the REAL Red-capped Plover A Beautiful Coastal Bird

Red-capped plover on the beach

The Red-capped Plover A Fascinating Australian Bird with a Bright Future Ahead

The Red-capped plover, also known as the Red-capped Dotterel, is a stunning bird native to Australia. Its scientific name, Charadrius ruficapillus, reflects its distinctive red head and neck plumage, with “ruficapillus” meaning “red-headed” in Latin.

One of the most striking physical characteristics of the Red-capped plover is its bright red head and neck, which stand out in stark contrast to its otherwise gray and white plumage. The bird is quite small, with a wingspan of around 12 inches and weighing in at just over an ounce. In addition to its red head and neck, the Red-capped plover is also distinguished by its black beak and legs.

The underparts and forehead of red-capped plovers are white. Their upper parts are predominantly grey-brown. The crown and hindneck of adult males are rufous or reddish-brown. The crown and hindneck of adult females are paler rufous and grey-brown, with a pale loreal stripe.

The breeding plumage is red-brown with black margins on the crown and nape. The immature non-breeding plumage is duller and does not have the black margins until maturity.


The Red-capped plover is found in a variety of habitats throughout Australia, The species lives in a variety of coastal and inland habitats, such as estuaries, bays, beaches, sandflats, and mudflats, as well as inland saline wetlands. It is also found in bare ground inland wetland areas.


The diet of the Red-capped plover consists primarily on small invertebrates, particularly molluscs, crustaceans, and worms.


When it comes to reproduction, the Red-capped plover is a monogamous species. Mating pairs often form long-term relationships, with both males and females participating in the nesting and rearing of young. The red-capped plover is a seasonal breeder on Australia’s coasts.  The plover builds its nest on the ground in a small depression with little or no lining. The clutch consists of two pale yellowish-brown eggs with black spots. The incubation period is 30 days, with the female doing the majority of the work. The young are open-eyed, mobile, and relatively mature when they hatch; they flee the nest shortly after birth.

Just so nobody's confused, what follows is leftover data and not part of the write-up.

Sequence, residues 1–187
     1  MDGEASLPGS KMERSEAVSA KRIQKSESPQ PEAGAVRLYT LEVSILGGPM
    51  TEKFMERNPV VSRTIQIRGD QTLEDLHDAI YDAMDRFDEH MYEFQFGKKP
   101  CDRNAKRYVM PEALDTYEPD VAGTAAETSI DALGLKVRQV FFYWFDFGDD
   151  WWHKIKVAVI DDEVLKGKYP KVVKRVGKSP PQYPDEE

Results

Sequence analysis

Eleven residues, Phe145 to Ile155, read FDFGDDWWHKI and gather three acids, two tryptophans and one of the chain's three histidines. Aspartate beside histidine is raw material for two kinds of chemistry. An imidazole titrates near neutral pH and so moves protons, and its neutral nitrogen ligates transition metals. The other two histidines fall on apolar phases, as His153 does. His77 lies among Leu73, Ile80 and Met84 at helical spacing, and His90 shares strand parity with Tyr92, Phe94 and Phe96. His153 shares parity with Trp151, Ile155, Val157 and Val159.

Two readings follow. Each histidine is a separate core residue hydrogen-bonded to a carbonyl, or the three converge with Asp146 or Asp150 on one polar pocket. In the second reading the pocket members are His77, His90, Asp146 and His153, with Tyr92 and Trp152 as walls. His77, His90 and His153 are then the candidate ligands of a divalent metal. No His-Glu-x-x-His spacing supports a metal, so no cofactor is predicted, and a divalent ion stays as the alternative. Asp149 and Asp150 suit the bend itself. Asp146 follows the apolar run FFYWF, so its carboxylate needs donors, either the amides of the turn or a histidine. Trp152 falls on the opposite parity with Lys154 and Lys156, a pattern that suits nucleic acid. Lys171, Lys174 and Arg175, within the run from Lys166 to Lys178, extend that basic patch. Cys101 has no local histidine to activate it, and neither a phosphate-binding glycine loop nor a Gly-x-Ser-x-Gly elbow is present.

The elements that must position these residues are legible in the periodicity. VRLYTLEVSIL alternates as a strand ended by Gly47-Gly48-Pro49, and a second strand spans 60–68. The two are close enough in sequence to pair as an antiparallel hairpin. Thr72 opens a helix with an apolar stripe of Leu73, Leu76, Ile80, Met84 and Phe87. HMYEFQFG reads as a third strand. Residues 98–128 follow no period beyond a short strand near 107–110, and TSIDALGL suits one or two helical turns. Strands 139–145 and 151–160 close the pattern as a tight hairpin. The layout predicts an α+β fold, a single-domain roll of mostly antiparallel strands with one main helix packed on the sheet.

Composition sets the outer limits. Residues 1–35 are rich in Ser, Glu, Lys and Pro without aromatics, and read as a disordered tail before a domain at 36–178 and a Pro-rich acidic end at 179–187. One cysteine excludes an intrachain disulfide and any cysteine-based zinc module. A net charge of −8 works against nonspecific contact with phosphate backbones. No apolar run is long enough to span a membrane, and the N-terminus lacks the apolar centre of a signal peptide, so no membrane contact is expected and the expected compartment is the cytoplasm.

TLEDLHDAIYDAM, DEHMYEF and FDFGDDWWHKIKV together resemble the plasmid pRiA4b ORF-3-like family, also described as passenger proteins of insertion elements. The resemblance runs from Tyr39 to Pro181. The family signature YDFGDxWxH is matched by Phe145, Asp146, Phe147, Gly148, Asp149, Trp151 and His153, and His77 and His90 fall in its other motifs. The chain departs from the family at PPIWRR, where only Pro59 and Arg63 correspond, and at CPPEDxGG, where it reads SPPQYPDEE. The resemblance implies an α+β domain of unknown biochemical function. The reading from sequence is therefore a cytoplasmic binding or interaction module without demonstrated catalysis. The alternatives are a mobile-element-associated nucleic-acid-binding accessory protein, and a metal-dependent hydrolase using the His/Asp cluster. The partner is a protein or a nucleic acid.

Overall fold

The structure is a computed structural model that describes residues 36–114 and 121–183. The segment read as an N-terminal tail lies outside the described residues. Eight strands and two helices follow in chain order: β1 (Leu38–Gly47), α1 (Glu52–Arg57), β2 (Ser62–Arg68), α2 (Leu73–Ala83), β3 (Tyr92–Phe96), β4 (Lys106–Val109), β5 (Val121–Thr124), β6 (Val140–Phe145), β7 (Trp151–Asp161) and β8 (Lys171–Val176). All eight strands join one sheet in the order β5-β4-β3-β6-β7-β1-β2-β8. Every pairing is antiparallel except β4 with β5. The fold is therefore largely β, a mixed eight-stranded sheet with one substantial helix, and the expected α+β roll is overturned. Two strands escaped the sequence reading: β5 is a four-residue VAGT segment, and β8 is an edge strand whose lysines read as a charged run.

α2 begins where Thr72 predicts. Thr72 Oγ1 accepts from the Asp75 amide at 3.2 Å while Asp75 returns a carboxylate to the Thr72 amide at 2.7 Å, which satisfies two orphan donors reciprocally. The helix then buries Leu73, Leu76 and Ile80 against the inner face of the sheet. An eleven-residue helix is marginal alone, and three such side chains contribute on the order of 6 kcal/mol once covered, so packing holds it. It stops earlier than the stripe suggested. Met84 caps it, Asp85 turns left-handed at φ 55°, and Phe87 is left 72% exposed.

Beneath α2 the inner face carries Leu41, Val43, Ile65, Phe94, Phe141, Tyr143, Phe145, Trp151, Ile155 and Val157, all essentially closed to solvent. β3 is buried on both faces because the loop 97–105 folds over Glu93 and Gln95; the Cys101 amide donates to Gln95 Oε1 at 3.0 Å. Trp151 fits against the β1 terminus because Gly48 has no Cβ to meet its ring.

In terms of behavior, the Red-capped plover is a vocal and energetic bird. It is known for its distinctive “keeweek” call, which is often heard during the breeding season. The bird is also known for its elaborate courtship displays, during which males will puff out their chest feathers and perform elaborate dance-like movements to attract a mate.


Despite its wide distribution and generally abundant population, the Red-capped plover is classified as a species of “Least Concern” by the International Union for Conservation of Nature (IUCN). However, the bird does face some threats, including habitat loss and degradation, as well as predation by introduced species such as cats and foxes.

Conservation Status

Efforts are being made to protect and conserve the Red-capped plover, including habitat restoration projects and breeding programs. In addition, education campaigns aimed at raising awareness of the importance of protecting the bird’s habitat are also being undertaken.

As a beloved and iconic species of Australian birdlife, the Red-capped plover is an important part of the country’s natural heritage. With continued conservation efforts, we can ensure that future generations can continue to enjoy the beauty and antics of these fascinating birds.